A city girl and skeptic to my core, I feel an overwhelming sense of awe in the face of the spread of a desert or the ocean. Within these landscapes, humanity seems small and insignificant.
Geologic eras are etched into layers of rock. Our time on earth seems short in contrast. So far there have been thirty-seven epochs in the history of this planet. Humans have been on Earth for less than two, though our impact has been tremendously outsized.
I have mounted scenes of human habitation behind acrylic, plastic walls that we imagine can safely separate the things we do from having an impact on the natural world. I have then affixed these scenes onto and within sweeping landscapes. I am presenting this work without glass. The constructed world behind the acrylic is literally protected, while the landscapes remain exposed and vulnerable. A continuity of line and color between these two parts of the work hints at their interconnectedness. I use the desert southwest of the United States as a stand-in for what the majority of the land on our planet might look like as it continues to be shaped by rising temperatures, drought, and fires. I present these multi-layered images in hand-painted wooden frames, alluding to the next chapter in the planet’s history. As the image pushes beyond its edges, the story continues to evolve.
In spite of human activity, the Earth continues to transform and reinvent itself. The Earth is not coming to an end. Its inhabitants cannot escape its permanence, and the power it has to shape their existence. The question remains, as nature reinvents itself, can we adapt with it? Will we be part of that next chapter? The planet’s ability to regenerate itself is a given. Can we do the same?
About Diana Cheren Nygren
Diana Cheren Nygren is a fine art photographer from Boston, Massachusetts. Her work explores the way people relate to each other and to their physical environment, be it urban, rural, or natural. She uses the ability of photography to give concrete form to ideas, in order to envision family, future, and possibility. Diana’s photographs address serious social questions through a blend of documentary practice, invention, and humor.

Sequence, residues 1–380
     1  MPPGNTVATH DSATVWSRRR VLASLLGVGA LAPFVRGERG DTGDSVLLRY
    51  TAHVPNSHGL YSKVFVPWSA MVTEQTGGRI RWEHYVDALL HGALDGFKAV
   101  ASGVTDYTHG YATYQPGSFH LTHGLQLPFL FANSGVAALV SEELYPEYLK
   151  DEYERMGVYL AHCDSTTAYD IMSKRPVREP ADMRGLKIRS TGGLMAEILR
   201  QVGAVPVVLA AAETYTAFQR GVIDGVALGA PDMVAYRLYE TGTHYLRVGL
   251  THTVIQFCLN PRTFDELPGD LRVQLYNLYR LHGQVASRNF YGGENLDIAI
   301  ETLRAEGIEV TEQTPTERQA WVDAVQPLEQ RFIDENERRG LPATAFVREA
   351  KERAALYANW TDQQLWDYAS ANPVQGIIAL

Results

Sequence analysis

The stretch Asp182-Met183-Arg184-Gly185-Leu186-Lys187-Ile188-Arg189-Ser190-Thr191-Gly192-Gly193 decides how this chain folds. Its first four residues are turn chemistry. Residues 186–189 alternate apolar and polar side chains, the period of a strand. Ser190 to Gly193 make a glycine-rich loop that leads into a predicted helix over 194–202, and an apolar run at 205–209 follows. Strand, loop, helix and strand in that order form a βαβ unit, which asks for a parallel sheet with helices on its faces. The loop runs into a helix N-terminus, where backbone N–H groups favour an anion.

Diana was trained as an art historian with a focus on modern and contemporary art, and the relationship of artistic production to its socio-political context. Her emphasis on careful composition in her photographic work, as well as her subject matter, reflects this training. Her work as a photographer is the culmination of a life-long investment in the power of art and visual culture to shape and influence social change.
Her work has been featured in numerous publications both print and online and has been shown in galleries and museums around the world. It has been recognized with numerous awards including Discovery of the Year in the 2020 Tokyo International Foto Awards, 2nd place in Fine Art/Collage in the 2020 International Photo Awards, a Lensculture Critic’s Choice Award, Best New Talent win the 2021 Prix de la Photographie, Best of Shoot in the 2021 London International Creative Competition, 2nd place in the International Photo Awards and the Budapest International Foto Awards, and was longlisted for the Aesthetica Art Prize, and was a finalist for Fresh2020, Urban2020, the Hopper Prize, and OpenImage Barcelona, and was longlisted for the Aesthetica Art Prize. [Official Website]